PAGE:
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Impact of No-Tillage and Conventional Tillage Systems on Soil Microbial Communities

DOI: 10.1155/2012/548620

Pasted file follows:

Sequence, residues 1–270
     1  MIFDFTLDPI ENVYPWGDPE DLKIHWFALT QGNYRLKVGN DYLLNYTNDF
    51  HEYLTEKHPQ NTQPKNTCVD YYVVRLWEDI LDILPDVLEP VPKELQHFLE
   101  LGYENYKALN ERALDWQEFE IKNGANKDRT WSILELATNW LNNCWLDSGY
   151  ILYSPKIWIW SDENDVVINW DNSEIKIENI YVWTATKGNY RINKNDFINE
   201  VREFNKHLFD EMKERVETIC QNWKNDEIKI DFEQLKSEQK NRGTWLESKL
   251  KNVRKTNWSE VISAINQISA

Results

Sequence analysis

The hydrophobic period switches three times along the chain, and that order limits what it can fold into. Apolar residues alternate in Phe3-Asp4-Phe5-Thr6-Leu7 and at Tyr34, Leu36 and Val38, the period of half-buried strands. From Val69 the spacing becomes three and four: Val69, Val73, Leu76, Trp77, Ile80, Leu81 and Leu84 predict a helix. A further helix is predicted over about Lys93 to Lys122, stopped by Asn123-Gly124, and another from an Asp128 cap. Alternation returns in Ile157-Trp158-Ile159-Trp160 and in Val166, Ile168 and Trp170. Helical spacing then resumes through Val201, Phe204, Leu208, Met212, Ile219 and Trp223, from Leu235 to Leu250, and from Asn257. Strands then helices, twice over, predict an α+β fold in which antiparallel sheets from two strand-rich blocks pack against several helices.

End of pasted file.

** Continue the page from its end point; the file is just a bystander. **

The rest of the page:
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Soil management practices influence soil physical and chemical characteristics and bring about changes in the soil microbial community structure and function. In this study, the effects of long-term conventional and no-tillage practices on microbial community structure, enzyme activities, and selected physicochemical properties were determined in a continuous corn system on a Decatur silt loam soil. The long-term no-tillage treatment resulted in higher soil carbon and nitrogen contents, viable microbial biomass, and phosphatase activities at the 0–5?cm depth than the conventional tillage treatment. Soil microbial community structure assessed using phospholipid fatty acid (PLFA) analysis and automated ribosomal intergenic spacer analysis (ARISA) varied by tillage practice and soil depth. The abundance of PLFAs indicative of fungi, bacteria, arbuscular mycorrhizal fungi, and actinobacteria was consistently higher in the no-till surface soil. Results of principal components analysis based on soil physicochemical and enzyme variables were in agreement with those based on PLFA and ARISA profiles. Soil organic carbon was positively correlated with most of the PLFA biomarkers. These results indicate that tillage practice and soil depth were two important factors affecting soil microbial community structure and activity, and conservation tillage practices improve both physicochemical and microbiological properties of soil. 1. Introduction Tillage systems influence physical, chemical, and biological properties of soil and have a major impact on soil productivity and sustainability. Conventional tillage practices may adversely affect long-term soil productivity due to erosion and loss of organic matter in soils. Sustainable soil management can be practiced through conservation tillage (including no-tillage), high crop residue return, and crop rotation [1]. Studies conducted under a wide range of climatic conditions, soil types, and crop rotation systems showed that soils under no-tillage and reduced tillage have significantly higher soil organic matter contents compared with conventionally tilled soils [2]. Conservation tillage is defined as a tillage system in which at least 30% of crop residues are left in the field and is an important conservation practice to reduce soil erosion [3]. The advantages of conservation tillage practices over conventional tillage include (1) reducing cultivation cost; (2) allowing crop residues to act as an insulator and reducing soil temperature fluctuation; (3) building up soil organic matter; (4) conserving soil moisture [4, 5].


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